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The Origins of Satyagraha

The Origins of Satyagraha. Mohandas ‘Mahatma’ Gandhi (1869-1948). The Origins of Satyagraha. 1. Indian traditions of nonviolent protest: Hinduism Jainism Buddhism Nonviolent protest in the Kathiawar region The Bishnois Benares in the early 19 th century. 2. Gandhi in South Africa

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The Origins of Satyagraha

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  1. The Origins of Satyagraha Mohandas ‘Mahatma’ Gandhi (1869-1948)

  2. The Origins of Satyagraha 1. Indian traditions of nonviolent protest: • Hinduism • Jainism • Buddhism • Nonviolent protest in the Kathiawar region • The Bishnois • Benares in the early 19th century 2. Gandhi in South Africa • Was Satyagraha born in South Africa? • How successful was it?

  3. Religious Traditions of Nonviolence Hinduism Himsa (violence) Ahimsa (non-violence) Hinduism takes no clear stance on ahimsa.

  4. Religious Traditions of Nonviolence Hinduism Karma -According as one acts, so does he become. One becomes virtuous by virtuous action, bad by bad action.Yajur Veda, Brihadaranyaka Upanishad 4.4.5 Bhagavad Gita • Sanskrit poem consisting of 700 verses • a philosophical dialogue between the God Krishna and the warrior Arjun

  5. Religious Traditions of Nonviolence Jainism Clearer guidelines in Jainist teaching 5 principles of morality • Ahimsa • Satya (truth) • Asteya (nonstealing) • Brahmacarya (celibacy) • Aparigraha (nonpossession) As the means to attain Moska (liberation).

  6. Religious Traditions of Nonviolence Buddhism Nonviolence forms the core of Buddhist teaching. • ‘Even if thieves carve you limb from limb with a double-handed saw, if you make your mind hostile you are not following my teaching’. Kamcupamasutta, Majjhima-Nikkaya I ~ 28-29

  7. The Origins of Satyagraha Western Traditions Henry David Thoreau, Civil Disobedience • Cited refusal to pay taxes as an important political method • Boycott Leo Tolstoy, The Kingdom of God is Within You • Need for individuals to act according to their conscience • Followed the doctrine of nonviolence when faced by conflict • Valued the ideals of chastity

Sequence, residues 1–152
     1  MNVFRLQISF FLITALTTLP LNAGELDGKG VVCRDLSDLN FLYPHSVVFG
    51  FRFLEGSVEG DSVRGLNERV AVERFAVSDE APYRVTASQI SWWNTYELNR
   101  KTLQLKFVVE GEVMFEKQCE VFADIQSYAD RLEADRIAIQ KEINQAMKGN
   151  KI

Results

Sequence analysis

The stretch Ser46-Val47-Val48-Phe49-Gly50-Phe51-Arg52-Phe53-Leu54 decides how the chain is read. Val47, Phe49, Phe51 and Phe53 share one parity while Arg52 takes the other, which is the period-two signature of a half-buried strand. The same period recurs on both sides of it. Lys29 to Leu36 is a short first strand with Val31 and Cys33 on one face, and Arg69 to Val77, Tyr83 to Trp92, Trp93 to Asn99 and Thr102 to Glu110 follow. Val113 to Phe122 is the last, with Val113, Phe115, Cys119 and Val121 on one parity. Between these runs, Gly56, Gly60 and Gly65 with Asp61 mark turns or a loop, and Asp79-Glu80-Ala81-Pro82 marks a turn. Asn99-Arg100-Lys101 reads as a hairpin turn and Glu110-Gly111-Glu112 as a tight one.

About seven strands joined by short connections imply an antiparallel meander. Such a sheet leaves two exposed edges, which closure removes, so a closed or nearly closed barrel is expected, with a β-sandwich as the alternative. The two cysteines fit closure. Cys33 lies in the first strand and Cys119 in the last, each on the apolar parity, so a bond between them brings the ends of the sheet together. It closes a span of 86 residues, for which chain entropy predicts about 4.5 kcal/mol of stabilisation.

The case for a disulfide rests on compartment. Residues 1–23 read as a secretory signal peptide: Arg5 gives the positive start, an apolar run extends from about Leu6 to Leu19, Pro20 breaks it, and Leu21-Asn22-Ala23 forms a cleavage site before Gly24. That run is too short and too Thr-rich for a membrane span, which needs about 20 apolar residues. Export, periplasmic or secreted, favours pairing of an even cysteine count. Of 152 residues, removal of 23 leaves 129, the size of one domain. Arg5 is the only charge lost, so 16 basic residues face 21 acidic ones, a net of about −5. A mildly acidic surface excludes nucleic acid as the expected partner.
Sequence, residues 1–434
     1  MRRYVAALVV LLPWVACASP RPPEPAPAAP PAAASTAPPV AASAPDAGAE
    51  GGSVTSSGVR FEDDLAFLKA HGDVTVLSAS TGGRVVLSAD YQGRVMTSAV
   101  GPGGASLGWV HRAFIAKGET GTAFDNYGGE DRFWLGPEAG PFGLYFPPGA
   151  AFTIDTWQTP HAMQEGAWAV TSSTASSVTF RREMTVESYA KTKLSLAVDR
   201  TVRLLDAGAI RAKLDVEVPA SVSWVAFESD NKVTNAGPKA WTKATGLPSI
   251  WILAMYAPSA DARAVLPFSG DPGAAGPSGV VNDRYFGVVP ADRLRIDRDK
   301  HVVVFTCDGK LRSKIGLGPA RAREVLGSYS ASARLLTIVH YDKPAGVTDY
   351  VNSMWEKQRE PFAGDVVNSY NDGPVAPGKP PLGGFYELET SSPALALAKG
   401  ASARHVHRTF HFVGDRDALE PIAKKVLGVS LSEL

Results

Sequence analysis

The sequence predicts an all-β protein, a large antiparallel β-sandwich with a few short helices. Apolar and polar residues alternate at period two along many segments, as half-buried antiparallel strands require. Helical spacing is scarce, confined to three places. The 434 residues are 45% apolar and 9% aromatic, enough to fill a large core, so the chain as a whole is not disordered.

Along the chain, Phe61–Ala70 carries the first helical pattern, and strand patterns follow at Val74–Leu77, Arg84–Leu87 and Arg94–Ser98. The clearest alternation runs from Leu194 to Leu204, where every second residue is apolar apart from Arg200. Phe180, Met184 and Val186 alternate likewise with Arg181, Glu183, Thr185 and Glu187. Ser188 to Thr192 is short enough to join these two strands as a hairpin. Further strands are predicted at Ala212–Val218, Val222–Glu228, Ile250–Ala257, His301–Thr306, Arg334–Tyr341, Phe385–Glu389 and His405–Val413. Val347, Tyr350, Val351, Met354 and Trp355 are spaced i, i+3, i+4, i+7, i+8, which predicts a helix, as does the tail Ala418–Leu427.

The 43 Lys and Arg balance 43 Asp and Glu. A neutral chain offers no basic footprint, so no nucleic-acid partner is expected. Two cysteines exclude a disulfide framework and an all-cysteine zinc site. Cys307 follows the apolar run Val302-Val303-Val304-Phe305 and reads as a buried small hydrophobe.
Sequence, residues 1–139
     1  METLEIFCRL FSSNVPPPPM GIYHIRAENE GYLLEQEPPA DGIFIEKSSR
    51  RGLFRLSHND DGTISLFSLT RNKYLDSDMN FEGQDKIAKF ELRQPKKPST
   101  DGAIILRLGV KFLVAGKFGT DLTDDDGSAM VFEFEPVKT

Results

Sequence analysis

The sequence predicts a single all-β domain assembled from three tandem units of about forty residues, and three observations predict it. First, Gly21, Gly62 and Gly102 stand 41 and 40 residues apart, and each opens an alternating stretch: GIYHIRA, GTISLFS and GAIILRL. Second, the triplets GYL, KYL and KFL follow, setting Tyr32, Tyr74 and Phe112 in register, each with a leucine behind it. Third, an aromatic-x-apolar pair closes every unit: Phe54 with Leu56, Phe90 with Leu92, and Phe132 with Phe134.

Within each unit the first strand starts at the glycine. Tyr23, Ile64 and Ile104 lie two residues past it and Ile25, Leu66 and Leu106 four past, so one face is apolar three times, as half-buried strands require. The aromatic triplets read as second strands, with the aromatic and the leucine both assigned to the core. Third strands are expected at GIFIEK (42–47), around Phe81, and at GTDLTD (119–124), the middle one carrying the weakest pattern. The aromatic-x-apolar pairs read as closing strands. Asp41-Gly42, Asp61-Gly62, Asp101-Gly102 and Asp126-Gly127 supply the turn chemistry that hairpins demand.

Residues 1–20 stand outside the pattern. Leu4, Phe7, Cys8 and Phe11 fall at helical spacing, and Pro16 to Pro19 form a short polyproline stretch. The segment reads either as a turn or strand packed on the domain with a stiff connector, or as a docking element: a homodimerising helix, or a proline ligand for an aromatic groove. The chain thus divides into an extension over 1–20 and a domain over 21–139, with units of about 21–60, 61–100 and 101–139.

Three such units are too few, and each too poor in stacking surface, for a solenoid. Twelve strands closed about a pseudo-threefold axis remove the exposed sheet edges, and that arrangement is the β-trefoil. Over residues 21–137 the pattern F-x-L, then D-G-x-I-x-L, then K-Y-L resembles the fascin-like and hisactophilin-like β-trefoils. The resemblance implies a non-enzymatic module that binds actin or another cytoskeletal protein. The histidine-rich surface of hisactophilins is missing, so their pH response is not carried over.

8. Religious Traditions of Nonviolence The Bishnois Bishnois [Twenty-Nine] • “Jeev Daya Palni” (be compassionate to all living beings) • “Runkh Leelo Nahi Ghave” (do not cut down green trees) 1778 Khejarli • Bishnois forest fiercely protected by the villagers • Amrita Devi and her three daughters hacked to death • 363 Bishnoi killed in total • The king made all cutting of green trees and hunting of animals illegal within the borders of Bishnoi villages

  9. A painting of the 1778 massacre

  10. Indian Traditions of Nonviolence The Kathiawar Region Dharna - sitting and fasting at the doorstep of an offender until death or until the demand is granted Carita - fasting or inflicting wounds Dhandak - march to see the monarch

  11. Indian Traditions of Nonviolence Civil Disobedience and Noncooperation ‘The fact is that, in India, the nation at large has generally used passive resistance in all departments of life. We cease to cooperate with our rulers when they displease us. This is our passive resistance’, Gandhi, Hind Swaraj, p. 60. Benares 1810 • Series of new taxes for homes and shops • To be collected every 3 months • If it was not paid, the authorities would take the belongings of the occupant and sell them for the amount owed • ‘I am given to understand that considerably above 20,000 persons are sitting (it may be called Dhurna) declaring that they will not separate till the tax shall be abolished’